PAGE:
Analyzing Typography

The typography in Jon Deviny’s Reimagine Haiti advertisement immediately drew me in. The way the letters wrap around––almost seeming to embrace the image of the man is gorgeous. Love it.

With my non-designer, beginner’s eye, I will attempt to reverse engineer Mr. Deviny’s use of typography.

Right away we notice that Mr. Deviny has created instant appeal by using a combination of three contrasting typefaces. A Decorative typeface with a bit of a Slab Serif/feel, a Sans Serif typeface, and a Script (hand-lettered) typeface.

Focusing on the first typeface, how do we identify it as Decorative? First of all, it’s very distinctive. Although it’s beautiful, we wouldn’t want to read a 300-page novel that used only this typeface. It has a ‘Slab Serif’ feel because of the horizontal serifs, along with almost no thick-to-thin transition in the letter strokes. But then, when you look a little closer at the serifs (serifs are the little flag-type tic on the end of letters), this typeface uses a mix of curved bracketing and/or no bracketing. The last reason I thought to classify this typeface as Decorative was the use of triangles on the letters.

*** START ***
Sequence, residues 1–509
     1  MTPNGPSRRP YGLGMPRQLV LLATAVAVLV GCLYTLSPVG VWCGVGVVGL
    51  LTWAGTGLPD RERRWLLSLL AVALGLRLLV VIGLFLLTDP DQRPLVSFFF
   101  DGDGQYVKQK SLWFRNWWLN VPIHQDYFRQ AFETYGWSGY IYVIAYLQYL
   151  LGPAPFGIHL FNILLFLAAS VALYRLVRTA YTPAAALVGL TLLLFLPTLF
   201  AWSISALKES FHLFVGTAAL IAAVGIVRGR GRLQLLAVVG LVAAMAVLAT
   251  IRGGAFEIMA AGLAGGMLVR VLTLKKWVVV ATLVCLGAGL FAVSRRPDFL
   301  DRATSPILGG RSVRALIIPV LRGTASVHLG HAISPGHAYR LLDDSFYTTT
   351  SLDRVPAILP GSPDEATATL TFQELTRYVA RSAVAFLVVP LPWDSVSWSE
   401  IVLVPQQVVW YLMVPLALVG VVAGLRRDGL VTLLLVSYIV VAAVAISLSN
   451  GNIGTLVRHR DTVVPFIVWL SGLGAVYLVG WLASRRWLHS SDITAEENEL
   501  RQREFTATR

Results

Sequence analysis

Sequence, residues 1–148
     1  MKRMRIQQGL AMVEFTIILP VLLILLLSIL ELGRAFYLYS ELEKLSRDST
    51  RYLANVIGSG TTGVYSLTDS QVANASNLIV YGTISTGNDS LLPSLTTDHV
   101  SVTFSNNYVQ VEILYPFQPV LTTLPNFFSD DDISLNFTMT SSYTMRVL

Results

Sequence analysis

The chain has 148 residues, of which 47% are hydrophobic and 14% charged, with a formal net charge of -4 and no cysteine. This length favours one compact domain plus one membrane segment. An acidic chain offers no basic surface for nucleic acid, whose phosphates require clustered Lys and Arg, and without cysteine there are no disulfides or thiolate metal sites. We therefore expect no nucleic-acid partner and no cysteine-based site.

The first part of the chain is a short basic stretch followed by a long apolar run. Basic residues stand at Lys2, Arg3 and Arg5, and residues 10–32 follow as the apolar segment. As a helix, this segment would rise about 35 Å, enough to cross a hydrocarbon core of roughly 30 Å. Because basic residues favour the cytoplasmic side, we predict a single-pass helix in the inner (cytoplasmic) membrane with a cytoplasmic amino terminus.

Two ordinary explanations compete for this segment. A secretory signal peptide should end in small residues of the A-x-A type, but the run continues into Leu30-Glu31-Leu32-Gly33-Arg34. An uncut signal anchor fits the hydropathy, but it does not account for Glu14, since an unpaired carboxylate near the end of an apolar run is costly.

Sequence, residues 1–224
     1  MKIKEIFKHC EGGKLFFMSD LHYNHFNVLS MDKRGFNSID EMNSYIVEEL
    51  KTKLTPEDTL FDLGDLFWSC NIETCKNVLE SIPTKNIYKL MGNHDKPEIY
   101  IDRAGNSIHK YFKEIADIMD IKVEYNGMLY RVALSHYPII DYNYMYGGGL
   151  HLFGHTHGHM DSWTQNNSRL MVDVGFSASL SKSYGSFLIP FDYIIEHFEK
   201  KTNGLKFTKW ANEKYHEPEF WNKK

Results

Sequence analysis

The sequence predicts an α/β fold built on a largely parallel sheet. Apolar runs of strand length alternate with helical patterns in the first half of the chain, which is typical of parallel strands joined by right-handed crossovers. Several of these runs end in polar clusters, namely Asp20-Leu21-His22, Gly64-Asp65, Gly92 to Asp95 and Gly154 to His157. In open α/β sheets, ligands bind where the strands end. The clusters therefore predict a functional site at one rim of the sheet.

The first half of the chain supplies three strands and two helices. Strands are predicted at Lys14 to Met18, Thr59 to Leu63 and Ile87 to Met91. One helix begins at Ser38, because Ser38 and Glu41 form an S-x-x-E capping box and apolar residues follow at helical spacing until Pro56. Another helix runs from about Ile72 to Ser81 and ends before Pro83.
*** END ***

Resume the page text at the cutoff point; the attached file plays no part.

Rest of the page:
How do we know the second typeface is Sans Serif? The word “sans” means “without” (in French), and the second typeface does not have serifs. There are also no thick-to-thin transitions on the strokes. Each letter has the same thickness all around.

For the third and final typeface, how do we identify it as Script? The easiest way to determine if a typeface is a Script-style face is when it appears to have been hand-lettered. Recently I read the book, The Non-Designer’s Design Book by Robin Williams. When she describes using Script typefaces she cautions:

“Scripts are like cheesecake––they should be used sparingly so nobody gets sick.”

And, of course, Williams reminds us that we should never use Script typefaces in all caps.

The typefaces in this ad are wonderfully contrasted. What makes the typefaces contrast? To answer this question, I’ve focused on the letter, “I” in each of the three fonts.